fsspec_open_kwargs={"auth": aiohttp.BasicAuth("<your-username>", "<your-password>")}
  • query_string_secrets: A dictionary of key:value pairs to append to each source file url query at runtime. Query parameters which are not secrets should instead be included in the format_function.

  • is_opendap: Boolean value to specify whether or not the source files are served via OPeNDAP. Incompatible with caching, and mutually exclusive with fsspec_open_kwargs. Defaults to False.


Secrets including login credentials and API tokens should never be committed to a public repository. As such, we strongly suggest that you do not instantiate your FilePattern with these or any other secrets when developing your recipe. If your source files require authentication via fsspec_open_kwargs and/or query_string_secrets, it is advisable to update these attributes at execution time. Pangeo Forge will soon offer a mechanism for securely handling such recipe secrets on GitHub.

Specifying nitems_per_file in a ConcatDim

FilePatterns are deliberately very simple. However, there is one case where we can annotate the FilePattern with a bit of extra information. Combining files over a ConcatDim usually involves concatenating many records belonging to a single physical or logical dimension in a sequence; for example, if the ConcatDim is time, and we have one record per day, the recipe will arrange every record in sequence in the target dataset. An important piece of information is how many records along the concat dim are in each file? For example, does the file have one record of daily temperature? Ten? In general, Pangeo Forge does not assume there is a constant, known number of records in each file; instead it will discover this information by peeking into each file. But if we know a-priori that there is a fixed number of records per file, we can provide this as a hint, via nitems_per_file keyword in ConcatDim. Providing this hint will allow Pangeo Forge to work more quickly because it doesn’t have to peek into the files.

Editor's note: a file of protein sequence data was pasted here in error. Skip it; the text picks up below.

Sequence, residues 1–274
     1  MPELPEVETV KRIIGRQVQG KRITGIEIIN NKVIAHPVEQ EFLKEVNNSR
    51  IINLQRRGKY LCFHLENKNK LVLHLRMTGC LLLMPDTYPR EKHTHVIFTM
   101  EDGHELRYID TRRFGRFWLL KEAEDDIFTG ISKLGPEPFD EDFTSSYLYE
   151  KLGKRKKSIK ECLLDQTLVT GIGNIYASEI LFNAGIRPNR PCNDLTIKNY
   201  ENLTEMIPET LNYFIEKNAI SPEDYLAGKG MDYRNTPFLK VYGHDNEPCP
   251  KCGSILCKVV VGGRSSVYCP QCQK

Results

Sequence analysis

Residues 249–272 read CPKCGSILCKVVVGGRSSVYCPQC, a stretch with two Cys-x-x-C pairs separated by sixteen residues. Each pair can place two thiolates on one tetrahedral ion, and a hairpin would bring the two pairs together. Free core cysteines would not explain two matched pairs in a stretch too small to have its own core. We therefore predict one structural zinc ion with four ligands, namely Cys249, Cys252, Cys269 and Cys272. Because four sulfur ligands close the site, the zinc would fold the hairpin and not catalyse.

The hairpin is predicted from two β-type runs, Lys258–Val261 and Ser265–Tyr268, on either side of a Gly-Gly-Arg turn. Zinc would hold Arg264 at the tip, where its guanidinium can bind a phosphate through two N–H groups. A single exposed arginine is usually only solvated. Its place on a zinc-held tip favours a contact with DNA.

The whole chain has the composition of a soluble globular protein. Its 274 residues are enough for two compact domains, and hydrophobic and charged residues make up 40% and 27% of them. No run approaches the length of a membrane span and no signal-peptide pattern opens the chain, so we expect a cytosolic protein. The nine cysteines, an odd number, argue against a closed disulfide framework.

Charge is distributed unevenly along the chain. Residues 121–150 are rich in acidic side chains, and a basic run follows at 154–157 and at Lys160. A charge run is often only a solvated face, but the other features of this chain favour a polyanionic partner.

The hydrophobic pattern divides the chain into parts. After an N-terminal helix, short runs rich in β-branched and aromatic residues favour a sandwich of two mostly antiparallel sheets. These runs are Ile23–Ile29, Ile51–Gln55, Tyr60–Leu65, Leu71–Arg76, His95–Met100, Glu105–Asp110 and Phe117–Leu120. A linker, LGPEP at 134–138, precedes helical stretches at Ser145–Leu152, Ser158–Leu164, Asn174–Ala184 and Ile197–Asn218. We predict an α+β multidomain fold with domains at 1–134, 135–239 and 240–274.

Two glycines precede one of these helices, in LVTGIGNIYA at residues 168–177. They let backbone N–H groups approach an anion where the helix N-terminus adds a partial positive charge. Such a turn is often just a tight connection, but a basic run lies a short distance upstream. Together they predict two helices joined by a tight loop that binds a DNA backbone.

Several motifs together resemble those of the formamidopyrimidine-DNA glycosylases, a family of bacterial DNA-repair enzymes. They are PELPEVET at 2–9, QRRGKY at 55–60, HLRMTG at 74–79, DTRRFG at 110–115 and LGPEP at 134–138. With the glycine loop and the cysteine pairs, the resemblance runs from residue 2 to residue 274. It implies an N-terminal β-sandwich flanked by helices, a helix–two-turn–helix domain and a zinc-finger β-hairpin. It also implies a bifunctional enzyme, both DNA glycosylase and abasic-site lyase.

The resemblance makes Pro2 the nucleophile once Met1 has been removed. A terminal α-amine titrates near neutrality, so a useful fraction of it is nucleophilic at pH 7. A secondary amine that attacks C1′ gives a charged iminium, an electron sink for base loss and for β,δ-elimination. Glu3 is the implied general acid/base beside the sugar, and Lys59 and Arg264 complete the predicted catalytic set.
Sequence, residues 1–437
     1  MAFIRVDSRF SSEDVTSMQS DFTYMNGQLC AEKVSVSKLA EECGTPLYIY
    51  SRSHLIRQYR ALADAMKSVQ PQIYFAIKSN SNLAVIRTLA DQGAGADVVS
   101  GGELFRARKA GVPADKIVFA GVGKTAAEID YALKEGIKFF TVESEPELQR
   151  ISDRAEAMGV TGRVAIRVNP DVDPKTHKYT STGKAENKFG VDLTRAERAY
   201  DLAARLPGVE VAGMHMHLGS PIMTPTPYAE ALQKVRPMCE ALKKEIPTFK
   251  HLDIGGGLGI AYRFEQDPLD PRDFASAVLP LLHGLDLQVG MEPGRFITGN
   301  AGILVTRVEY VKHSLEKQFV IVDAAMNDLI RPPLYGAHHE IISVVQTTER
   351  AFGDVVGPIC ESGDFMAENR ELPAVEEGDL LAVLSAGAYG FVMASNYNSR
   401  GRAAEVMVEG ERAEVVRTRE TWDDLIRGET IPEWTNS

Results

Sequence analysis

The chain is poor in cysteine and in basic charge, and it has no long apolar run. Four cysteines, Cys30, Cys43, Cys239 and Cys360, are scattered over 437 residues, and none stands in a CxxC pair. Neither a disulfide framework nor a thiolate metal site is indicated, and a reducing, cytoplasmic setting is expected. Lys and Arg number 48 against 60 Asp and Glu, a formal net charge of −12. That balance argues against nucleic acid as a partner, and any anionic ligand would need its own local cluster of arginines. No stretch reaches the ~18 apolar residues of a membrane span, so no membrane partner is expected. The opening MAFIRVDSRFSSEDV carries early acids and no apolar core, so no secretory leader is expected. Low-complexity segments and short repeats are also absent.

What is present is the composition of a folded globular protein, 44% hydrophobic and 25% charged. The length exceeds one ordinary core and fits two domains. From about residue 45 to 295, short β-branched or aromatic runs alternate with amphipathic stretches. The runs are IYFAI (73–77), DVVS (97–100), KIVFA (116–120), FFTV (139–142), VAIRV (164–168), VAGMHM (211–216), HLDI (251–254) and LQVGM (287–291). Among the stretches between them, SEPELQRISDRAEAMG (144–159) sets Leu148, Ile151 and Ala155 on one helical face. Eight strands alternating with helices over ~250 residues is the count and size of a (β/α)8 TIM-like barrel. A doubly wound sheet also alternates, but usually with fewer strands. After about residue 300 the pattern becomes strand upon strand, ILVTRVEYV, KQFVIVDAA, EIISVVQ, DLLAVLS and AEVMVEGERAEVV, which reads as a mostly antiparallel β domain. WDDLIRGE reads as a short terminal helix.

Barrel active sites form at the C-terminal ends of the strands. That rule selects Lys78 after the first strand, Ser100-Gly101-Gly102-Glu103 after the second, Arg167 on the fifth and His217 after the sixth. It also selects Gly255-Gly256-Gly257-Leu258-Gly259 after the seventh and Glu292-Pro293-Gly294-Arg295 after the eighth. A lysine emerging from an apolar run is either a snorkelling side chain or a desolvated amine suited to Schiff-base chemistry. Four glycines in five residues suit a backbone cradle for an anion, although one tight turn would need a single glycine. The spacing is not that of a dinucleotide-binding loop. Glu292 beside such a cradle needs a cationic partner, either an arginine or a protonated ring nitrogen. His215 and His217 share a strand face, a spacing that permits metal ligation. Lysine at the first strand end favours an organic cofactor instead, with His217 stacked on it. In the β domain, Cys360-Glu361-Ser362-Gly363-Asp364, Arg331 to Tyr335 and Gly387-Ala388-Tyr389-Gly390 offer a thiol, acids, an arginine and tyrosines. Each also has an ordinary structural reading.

To be concrete, let’s redefine our ConcatDim from the example above, now assuming that there are 5 records per file in the time dimension.

time_concat_dim_fixed = ConcatDim("time", list(range(1, 11)), nitems_per_file=5)
pattern = FilePattern(make_full_path, variable_merge_dim, time_concat_dim_fixed)
{'time': 50}

We can see the the property concat_sequence_lens now exposes the total logical length of the time dimension, which is very useful to recipes.


The nitems_per_file keyword only applies to size along the concat dim (here “time”). In general files may have an arbitrary number of other dimensions that are not concatenated, and we don’t need to provide any hints about these.

Inspect a FilePattern

Normally at this point we would just move on and pass our FilePattern object to a recipe constructor. But we can also inspect the FilePattern manually to understand how it works. It isn’t necessary to do any of these things to create a recipe; however digging into a FilePattern’s internals may be helpful in debugging a complex recipe.

Internally, the FilePattern maps the keys of the various combine dims to logical indices. We can see all of these keys by iterating over the patterns using the items() method:

for index, fname in pattern.items():
    print(index, fname)

The index is its own special type of object used internally by recipes, a pangeo_forge_recipes.patterns.Index, (which is basically a tuple of one or more pangeo_forge_recipes.patterns.DimIndex objects). The index has a compact string representation, used for logging:


and a more verbose repr:

"(DimIndex(name='variable', index=1, sequence_len=2, operation=<CombineOp.MERGE: 1>), DimIndex(name='time', index=9, sequence_len=10, operation=<CombineOp.CONCAT: 2>))"

Users generally will not need to create indexes manually, but we can get any of the filenames back out by using “getitem” syntax on the FilePattern, together with the index